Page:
Culture / Entertainment

Houston’s Harvey First Responders Become the Surprise Stars at Rascal Flatts’ Rodeo Show

The Most Emotional and Heartfelt Concert Ever?

BY // 03.06.18

In the past year, Houston has suffered more than words can express. Action is what got Houston through Hurricane Harvey. Recovery is underway, but it wouldn’t have been possible without the first people taking action.

The Houston Livestock Show and Rodeo honored their service with First Responders Day on Monday.

The Rodeo commended the tireless work of Houston area firefighters, police officers, EMS and more.

John Minge, president of BP America, the night’s sponsor, credited Houston’s first responders with inspiring #HoustonStrong. “First responders set the tone. They showed Houston how to show how to help people,” Minge said.

The praise didn’t stop there — but it did get a little lighter. The responders deserve recognition for all they have done, and they might even have already won an award. Sort of.

“Also, I’d like to give them credit for the Houston Astros winning the World Series,” Minge laughed. The first responders had shown the whole city how to step up, Astros players included, in Minge’s analysis. It was that kind of night.


  • Christopher Martin Gallery October 2
  • Christopher Martin Gallery October 2
  • Christopher Martin Gallery October 2
  • Christopher Martin Gallery October 2
  • Christopher Martin Gallery October 2
  • Christopher Martin Gallery October 2
  • Christopher Martin Gallery October 2
  • Christopher Martin Gallery October 2
  • Christopher Martin Gallery October 2
  • Christopher Martin Gallery October 2

The lights went low, and silence fell across the RodeoHouston audience for a moment of remembrance. An announcer read the names of first responders who had lost their lives. The mood was solemn, shot through with the occasional whoop or cheer from loved ones in the audience. It was comforting, hearing that sincere celebration in a moment that sobering.

“Bless you for your bravery. Bless you for your commitment. Bless you at this rodeo,” the announcer said.

Then, country-pop crossover trio Rascal Flatts took the stage. Gary LeVox was clapping, ready to pump up the crowd. But there was still a bit of chill, something weighty in the air.

“You feel like a candle in a hurricane,” LeVox sang out, the first words of “Stand.” Videos from Hurricane Harvey played across the stage screens.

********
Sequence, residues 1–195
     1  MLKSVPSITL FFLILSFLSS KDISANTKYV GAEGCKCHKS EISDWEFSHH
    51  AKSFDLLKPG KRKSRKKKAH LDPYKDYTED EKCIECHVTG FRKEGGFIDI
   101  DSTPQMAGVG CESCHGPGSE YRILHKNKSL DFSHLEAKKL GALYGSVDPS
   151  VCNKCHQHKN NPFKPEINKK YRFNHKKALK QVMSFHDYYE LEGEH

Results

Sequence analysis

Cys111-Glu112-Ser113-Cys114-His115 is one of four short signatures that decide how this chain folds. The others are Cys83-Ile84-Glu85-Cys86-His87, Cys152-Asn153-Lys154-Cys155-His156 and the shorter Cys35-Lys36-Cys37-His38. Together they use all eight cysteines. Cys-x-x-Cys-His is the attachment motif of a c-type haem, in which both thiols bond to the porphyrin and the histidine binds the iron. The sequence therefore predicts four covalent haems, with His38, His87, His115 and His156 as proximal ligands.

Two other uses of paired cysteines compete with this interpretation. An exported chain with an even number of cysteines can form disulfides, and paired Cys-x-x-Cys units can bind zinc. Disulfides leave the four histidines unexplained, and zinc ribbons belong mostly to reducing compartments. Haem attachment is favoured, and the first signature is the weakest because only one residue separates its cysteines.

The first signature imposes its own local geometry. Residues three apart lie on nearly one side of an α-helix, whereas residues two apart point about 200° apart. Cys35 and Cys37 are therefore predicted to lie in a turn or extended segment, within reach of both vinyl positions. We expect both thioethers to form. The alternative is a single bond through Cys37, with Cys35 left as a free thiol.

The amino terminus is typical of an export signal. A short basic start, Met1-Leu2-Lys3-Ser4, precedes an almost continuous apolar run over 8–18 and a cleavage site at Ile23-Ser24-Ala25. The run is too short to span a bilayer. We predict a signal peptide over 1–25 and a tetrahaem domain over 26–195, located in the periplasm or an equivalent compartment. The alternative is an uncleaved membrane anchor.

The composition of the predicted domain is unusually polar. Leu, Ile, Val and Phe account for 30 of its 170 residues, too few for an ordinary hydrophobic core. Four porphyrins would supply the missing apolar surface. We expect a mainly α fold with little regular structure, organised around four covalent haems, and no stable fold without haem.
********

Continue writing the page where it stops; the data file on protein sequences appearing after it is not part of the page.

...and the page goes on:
By the time he reached the chorus, “but when push comes to shove,” first responders came pouring in from the far end of NRG Stadium.

The crowd leapt to their feet. Responders from the police department, the fire department, the U.S. Army and more walked through the opening to form a circle around the stage. Some waved, others stood tall and firm.

“You get mad you get strong. Wipe your hands, shake it off. Then you stand, you stand,” LeVox sang out, pitch-perfect.

RodeoHouston concerts have been going on every night for almost a week. But no performer so far could compete with the sheer volume, the cheers, the applause, that Houston had for its first responders. Not even Garth Brooks on opening night. And this Monday brought a crowd of just more than 58,000, compared to Brooks’ sold-out mega show.

They responders slowly left the stadium as the song came to an end. The crowd stood, clapping for them until the last one had gone.

Rascal Flatts fed off of that intensity, breaking into “Bob that Head” and transitioning seamlessly into “Yours If You Want It.” The band is known for being an upbeat, high-energy country act with addictive lyrics. It was honestly hard not to bob that head along.

The band built on that momentum, but carved out time to drive home the importance of the evening. Bassist Jay DeMarcus came forward after the third song. He began plainly enough with “Houston, how are you doing tonight?” Then he moved into the bigger picture.